Lewis is a Jamaican documentary filmmaker, producer, editor and writer, as well as a trained journalist and award-winning writer/producer for radio. She has written, produced, and directed several short narratives and docs in Jamaica, California, and Belize. She enrolled in New York Film Academy’s MFA Documentary Filmmaking program in Fall 2014.

    The Incursion, her documentary short, follows the residents of Tivoli Gardens, Jamaica as they seek justice after a government raid in 2010 that resulted in the death of over 150 residents.

    Sasha-Gay Lewis The Incursion

    In addition to Filmwochenende Würzburg, the film was named Honorable Mention at the 2017 DOC LA Film Festival, was an Official Selection at the 2017 Pembroke Taparelli Arts & Film Festival, won an Award of Recognition at the Impact DOCS Awards, and won Best Documentary Short at the LA Film and Script Film Festival.

    In its 45-year history, this year is the first year Filmwochenende Würzburg have screened a film from Jamaica. Additionally, Lewis is the second black director to be invited to the festival; the first was filmmaker Spike Lee.  The Incursion had a full house for both days of its screening. packed cinema on both days.

    The New York Film Academy congratulates MFA Documentary alum Sasha-Gay Lewis on the success of The Incursion and looks forward to following her career and future accomplishments! 


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    January 30, 2019 • Documentary Filmmaking, Student & Alumni Spotlights • Views: 1028

  • New York Film Academy (NYFA) Broadcast Journalism Update – January 28, 2019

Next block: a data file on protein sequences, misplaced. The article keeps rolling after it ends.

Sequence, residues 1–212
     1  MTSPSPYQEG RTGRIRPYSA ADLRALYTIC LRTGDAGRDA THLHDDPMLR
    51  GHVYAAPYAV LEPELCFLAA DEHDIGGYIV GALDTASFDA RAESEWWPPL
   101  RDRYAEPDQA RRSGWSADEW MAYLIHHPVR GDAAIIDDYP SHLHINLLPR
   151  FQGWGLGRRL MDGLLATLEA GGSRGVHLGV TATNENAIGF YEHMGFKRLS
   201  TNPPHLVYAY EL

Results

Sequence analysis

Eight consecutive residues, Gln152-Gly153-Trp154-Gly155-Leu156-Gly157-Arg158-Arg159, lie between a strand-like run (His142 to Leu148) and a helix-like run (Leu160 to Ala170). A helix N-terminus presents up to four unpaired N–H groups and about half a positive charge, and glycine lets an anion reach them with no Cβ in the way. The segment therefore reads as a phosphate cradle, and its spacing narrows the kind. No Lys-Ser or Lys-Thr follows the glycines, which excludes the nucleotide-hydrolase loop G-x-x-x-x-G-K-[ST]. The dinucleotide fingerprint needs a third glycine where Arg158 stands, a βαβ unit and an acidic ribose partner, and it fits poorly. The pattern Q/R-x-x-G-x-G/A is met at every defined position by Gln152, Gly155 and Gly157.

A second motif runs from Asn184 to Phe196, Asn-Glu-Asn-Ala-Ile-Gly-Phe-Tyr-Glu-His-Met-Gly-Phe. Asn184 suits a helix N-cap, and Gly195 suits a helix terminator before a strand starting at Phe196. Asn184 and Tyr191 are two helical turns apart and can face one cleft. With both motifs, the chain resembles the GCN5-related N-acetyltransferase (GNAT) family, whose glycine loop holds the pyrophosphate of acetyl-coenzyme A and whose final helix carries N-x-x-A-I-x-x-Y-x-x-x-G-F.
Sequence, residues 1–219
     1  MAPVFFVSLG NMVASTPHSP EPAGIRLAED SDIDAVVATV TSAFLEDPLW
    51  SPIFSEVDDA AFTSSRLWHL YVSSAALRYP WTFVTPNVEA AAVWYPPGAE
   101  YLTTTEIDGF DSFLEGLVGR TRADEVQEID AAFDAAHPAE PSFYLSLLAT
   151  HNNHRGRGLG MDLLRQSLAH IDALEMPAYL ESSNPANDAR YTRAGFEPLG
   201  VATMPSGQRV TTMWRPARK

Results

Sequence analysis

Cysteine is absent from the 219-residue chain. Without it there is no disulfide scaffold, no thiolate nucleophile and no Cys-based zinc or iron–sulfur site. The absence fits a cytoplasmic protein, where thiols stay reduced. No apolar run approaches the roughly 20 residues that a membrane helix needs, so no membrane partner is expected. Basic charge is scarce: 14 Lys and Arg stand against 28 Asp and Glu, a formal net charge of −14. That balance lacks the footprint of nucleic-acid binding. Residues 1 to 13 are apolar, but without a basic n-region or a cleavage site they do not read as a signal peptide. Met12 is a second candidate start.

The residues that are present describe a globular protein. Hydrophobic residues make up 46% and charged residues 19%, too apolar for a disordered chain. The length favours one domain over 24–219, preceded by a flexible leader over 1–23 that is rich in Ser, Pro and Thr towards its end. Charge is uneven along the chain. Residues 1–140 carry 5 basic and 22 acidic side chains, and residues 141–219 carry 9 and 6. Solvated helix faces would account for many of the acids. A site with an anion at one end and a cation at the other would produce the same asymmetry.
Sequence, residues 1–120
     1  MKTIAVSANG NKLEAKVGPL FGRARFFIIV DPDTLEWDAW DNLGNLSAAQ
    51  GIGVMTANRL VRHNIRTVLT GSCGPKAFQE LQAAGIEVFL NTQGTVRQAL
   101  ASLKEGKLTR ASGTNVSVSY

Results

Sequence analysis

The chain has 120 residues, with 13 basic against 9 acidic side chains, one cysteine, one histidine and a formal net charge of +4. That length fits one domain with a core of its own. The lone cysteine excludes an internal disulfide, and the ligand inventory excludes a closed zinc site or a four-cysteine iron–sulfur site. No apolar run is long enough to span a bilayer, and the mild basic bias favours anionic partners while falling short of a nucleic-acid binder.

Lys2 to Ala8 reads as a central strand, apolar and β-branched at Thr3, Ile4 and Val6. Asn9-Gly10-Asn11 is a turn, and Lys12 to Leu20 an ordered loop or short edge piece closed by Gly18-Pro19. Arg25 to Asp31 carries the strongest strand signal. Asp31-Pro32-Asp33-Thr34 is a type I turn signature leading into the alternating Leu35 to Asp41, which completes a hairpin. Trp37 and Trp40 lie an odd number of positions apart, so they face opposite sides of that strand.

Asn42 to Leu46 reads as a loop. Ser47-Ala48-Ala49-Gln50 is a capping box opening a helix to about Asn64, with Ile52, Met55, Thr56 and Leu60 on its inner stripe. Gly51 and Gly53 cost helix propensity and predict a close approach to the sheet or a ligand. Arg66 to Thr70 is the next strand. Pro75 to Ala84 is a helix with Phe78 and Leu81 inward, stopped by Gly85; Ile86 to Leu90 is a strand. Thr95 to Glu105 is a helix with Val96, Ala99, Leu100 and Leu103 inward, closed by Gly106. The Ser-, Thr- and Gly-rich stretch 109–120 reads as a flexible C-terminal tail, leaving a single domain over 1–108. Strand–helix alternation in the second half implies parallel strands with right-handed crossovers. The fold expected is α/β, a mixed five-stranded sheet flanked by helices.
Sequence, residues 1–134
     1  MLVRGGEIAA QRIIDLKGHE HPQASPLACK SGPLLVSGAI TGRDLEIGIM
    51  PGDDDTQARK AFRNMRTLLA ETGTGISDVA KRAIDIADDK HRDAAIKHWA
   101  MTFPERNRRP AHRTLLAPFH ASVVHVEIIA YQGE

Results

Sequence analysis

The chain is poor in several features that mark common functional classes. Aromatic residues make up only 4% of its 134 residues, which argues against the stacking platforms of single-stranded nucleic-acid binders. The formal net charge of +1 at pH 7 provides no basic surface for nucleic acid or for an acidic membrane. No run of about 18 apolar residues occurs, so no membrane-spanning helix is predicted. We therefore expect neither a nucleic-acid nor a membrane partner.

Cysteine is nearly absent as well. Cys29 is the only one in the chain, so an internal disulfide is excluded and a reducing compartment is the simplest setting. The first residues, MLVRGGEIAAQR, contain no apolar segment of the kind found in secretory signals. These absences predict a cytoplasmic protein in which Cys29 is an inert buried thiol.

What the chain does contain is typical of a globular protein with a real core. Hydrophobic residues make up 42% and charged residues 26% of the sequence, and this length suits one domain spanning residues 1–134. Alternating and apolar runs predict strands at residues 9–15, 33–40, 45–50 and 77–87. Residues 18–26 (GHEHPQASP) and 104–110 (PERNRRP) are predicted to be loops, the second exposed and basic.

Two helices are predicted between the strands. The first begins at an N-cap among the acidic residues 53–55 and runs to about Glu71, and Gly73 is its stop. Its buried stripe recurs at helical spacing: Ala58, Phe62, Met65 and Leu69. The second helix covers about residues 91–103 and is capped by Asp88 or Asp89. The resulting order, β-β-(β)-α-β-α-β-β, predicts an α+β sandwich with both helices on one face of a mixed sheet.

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    There are many reasons to become a journalist. A number of them involve idealism, and the belief that journalists play an essential role in society. Still, for me, a key factor was that journalism is exciting. No, you aren’t flying off on a helicopter into the sunset every day. Yet everyday there is the possibility that you might. 

    What is guaranteed is that every day you are going to meet people with important stories to tell. Some of those stories are happy. Others are sad. But they are stories that society needs to hear. And you are the storyteller…

    BJ Update January 28 2019 1

    One of my favorite storytellers is New York Film Academy (NYFA) Broadcast Journalism grad Bryanna Reynolds. She lives and works in Australia, and recently she reflected on her career and opportunities:

    So what do you do after covering “the red carpet”? For Bryanna, it was onto the Australian Open tennis tournament…

    BJ Update January 28 2019 3

    Our students come from everywhere—across the United States, and around the world. We’ve been fortunate to have a number of students from Brazil. One of them is Livia Fernanda. During a cold New York City winter, it’s nice to think of warmer places. But if you take a closer look at the map behind Livia, I think some of those places are a bit too hot! 34 C translates into a toasty 93 F…

    BJ Update January 28 2019 4

    Last week we were back in the studio for the 2019 season of NYFA News, our own in-house news magazine. (We use the same type of green-screen effect that Livia does. Only instead of a weather map, we insert banks of TV monitors.) 

    That’s student Nicole Abebe anchoring the show. Nicole was born in Nigeria, but came to NYFA via London. And while this was her first time as a presenter, she looked and sounded like an experienced pro.